The distribution of S. aureus agr types and virulence genes in the nasal colonisation of healthy children in Guangzhou received limited attention. In this study, we thus aimed to characterise agr-types and virulence genes and examine their correlations with multi-locus sequence typing (MLST) and drug resistance patterns among S. aureus isolates obtained from nasal swabs of Chinese children.


Agr genotyping

Using multiplex PCR, four agr types of 715 S. aureus isolates were detected. Agr I group was the most prevalent, found in 62.9% of the isolates (451/715; Table 1). Agr III, agr II, and agr IV groups were found in 20.3% (145/715), 13.8% (99/715), and 1.2% (9/715) of the isolates, respectively. Eleven isolates tested negative for the agr types. The sequences of four agr groups generated were registered in GenBank with the accession codes OP997650, OP997651, OP997652, and OP997653.

Table 1 Prevalence of agr types and toxin genes of 715 S. aureus strains

Distribution of virulence genes

As shown in Table 1, the most common enterotoxin gene was sec (348, 48.6%), followed by sea (161, 22.5%), seb (75, 10.4%), and see (12, 1.6%). The positivity rates of lukS/F-PV and tsst were 4% (n = 29) and 2.2% (n = 16), respectively. The genes sed and sasX were negative in all of the strains.

Correlation between the agr type and MLST genotype of 17 major STs

To analyse the correlation between agr types and MLST genotypes, 17 major STs (n = 599) were selected, and each ST contained more than three isolates. The relationship between agr types and genotypic characteristics of the 599 S. aureus isolates is shown in Fig. 1. All ST6, ST7, ST22, ST25, ST45, ST59, ST188, ST338, ST398, and ST944 isolates were classified into agr I group, while ST5 and ST15 isolates belonged to agr II group. ST30 and ST1 were classified into agr III group, and ST121 was assigned into agr IV group. All ST5443 and ST3387 isolates tested negative for agr type, and their CCs were not specified in the public database. All STs and CCs could be assigned into specific agr types, except for CC1 and CC5.

Fig. 1
figure 1

Distribution between STs and different agr groups of 599 S. aureus strains. MLST multi-locus sequence typing, CC clonal complex, agr accessory gene regulator, ST sequence type. * indicates agr-negative.—indicates CCs are not specified

Association of agr types with virulence genes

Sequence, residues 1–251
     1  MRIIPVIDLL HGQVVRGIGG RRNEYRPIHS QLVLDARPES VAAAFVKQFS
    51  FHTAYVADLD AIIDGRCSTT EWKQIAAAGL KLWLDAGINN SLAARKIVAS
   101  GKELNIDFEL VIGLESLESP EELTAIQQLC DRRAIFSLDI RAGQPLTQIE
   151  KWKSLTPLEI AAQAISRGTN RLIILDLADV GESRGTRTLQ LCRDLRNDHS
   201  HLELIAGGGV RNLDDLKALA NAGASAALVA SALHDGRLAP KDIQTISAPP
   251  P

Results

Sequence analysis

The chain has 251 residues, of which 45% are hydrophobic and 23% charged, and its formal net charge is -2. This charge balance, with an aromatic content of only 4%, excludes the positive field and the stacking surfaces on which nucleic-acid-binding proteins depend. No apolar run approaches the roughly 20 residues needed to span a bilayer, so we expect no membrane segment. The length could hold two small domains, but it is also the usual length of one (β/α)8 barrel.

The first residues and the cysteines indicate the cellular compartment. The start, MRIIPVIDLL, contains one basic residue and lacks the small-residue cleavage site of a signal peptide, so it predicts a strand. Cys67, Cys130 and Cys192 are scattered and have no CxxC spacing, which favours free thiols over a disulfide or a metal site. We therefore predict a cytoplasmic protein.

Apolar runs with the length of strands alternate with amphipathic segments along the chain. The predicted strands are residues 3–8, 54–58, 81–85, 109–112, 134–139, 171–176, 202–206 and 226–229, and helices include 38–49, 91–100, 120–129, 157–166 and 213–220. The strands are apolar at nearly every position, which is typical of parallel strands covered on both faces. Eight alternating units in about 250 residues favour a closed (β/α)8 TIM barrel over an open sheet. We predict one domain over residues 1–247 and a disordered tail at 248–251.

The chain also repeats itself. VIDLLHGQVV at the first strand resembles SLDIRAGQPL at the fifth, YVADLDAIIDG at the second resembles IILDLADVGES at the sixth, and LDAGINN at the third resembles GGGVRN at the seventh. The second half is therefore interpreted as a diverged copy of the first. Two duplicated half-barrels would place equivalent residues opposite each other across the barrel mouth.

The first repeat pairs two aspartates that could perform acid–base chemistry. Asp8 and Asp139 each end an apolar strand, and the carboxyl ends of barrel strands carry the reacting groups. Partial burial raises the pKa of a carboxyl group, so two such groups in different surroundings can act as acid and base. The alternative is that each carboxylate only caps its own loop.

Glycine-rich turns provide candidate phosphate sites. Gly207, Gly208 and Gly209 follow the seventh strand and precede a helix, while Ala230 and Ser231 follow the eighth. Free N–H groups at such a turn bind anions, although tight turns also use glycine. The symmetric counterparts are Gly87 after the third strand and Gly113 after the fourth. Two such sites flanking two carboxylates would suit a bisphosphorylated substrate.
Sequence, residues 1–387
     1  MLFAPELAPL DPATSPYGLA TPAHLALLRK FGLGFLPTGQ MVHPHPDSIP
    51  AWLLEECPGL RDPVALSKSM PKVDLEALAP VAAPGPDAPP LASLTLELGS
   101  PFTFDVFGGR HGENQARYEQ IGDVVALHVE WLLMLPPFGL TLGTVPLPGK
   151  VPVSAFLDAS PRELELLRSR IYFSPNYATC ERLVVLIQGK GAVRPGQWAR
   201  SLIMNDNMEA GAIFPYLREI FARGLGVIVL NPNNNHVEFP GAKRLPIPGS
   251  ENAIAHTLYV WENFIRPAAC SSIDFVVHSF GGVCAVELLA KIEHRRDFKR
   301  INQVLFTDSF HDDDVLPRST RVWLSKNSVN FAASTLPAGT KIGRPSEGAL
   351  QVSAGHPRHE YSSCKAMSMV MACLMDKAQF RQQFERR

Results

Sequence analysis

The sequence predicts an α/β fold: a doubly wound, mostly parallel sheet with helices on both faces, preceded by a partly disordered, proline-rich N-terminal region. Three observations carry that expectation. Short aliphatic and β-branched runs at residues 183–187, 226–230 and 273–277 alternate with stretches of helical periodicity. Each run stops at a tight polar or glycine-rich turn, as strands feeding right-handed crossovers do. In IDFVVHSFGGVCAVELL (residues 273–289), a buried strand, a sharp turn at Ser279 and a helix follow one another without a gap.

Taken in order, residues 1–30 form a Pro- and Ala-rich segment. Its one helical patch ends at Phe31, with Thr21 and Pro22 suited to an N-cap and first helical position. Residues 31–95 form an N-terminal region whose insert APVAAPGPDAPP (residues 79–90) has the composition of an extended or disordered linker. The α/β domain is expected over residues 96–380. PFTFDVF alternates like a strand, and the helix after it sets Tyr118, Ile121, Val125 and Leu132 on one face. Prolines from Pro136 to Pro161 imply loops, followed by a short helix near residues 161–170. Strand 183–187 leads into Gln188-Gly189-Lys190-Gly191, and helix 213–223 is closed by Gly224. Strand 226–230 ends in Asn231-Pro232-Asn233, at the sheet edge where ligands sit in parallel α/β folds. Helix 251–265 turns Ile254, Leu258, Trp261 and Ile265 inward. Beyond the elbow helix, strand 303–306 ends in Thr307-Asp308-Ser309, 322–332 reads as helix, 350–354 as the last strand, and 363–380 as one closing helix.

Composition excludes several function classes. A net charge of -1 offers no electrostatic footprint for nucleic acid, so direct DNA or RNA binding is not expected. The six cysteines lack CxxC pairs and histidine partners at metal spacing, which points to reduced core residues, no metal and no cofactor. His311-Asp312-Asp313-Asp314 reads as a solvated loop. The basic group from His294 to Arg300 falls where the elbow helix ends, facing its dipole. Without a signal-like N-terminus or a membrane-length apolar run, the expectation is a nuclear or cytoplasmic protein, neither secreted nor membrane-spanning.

The relationships between virulence genes, antibiotic resistance and agr types are shown in Fig. 2. Of the eight virulence genes detected, four of them were strongly associated with specific agr types. The sea genes were more associated with agr III (59.5%) than the other three agr groups (11.3%). Nearly all isolates harbouring seb (66/79) and lukS/F-PV genes (26/29) belonged to agr I group. The tsst positive isolates only belonged to agr I and agr III group.

Fig. 2
figure 2

The tri-colour scale depicts the associations among S. aureus virulence genes, antigram, agr types, and STs. * indicates intermediate or rifampicin resistance. Antibiotics: PEN, penicillin; ERY, erythromycin; CLI, clindamycin; RIF, rifampicin; TCY, tetracycline; CIP, ciprofloxacin; SXT, sulfamethoxazole-trimethoprim; GEN, gentamicin; VAN, vancomycin

Association of major clones with virulence genes and drug resistance

The most prevalent sea gene was found in agrI-ST6 (81.6%, 40/49) clone, followed by agrIII-ST30 (72.9%, 89/122). seb was detected in 72.4% (21/29) of agrI-ST59 clone. Approximately, 92.3% (12/13) of agrI-ST25, 83.9% (26/31) of agrII-ST5, and 75% (3/4) of agrIV-ST121 clones were found to carry sec. Additionally, 73.0% of agrIII-ST30 clone harboured both sea and sec, while 57.9% of agrI-ST22 clone harboured both sec and lukS/F-PV genes. Meanwhile, 95.2% (99/104) of agrI-ST45 clone were positive for sec, and 80.8% (84/104) of them were intermediate resistance or were resistant to rifampicin antibiotic; however, none of them were resistant to tetracycline (TCY) or possessed sea, seb, sed, see, tsst, sasX or lukS/F-PV genes. Eighty percent (4/5) of agrI-ST338 isolates carried lukS/F-PV genes. The agr negative isolates (ST5443 and ST3387) didn’t harbour any of the virulence genes. The resistance rate of ST3378 isolates to TCY was 75%, which was the same as the rate to penicillin.

The MRSA isolates predominantly belonged to agr I group, accounting for 89.7% (52/58) of the total. Meanwhile, 98.9% of rifampicin resistant or intermediate isolates were assigned to agr I group. On average, MRSA isolates harbored more tested virulence genes (107%, 75/70) than methicillin-susceptible S. aureus (MSSA) isolates (87.7%, 566/645) did. However, tsst was only found in the MSSA isolates.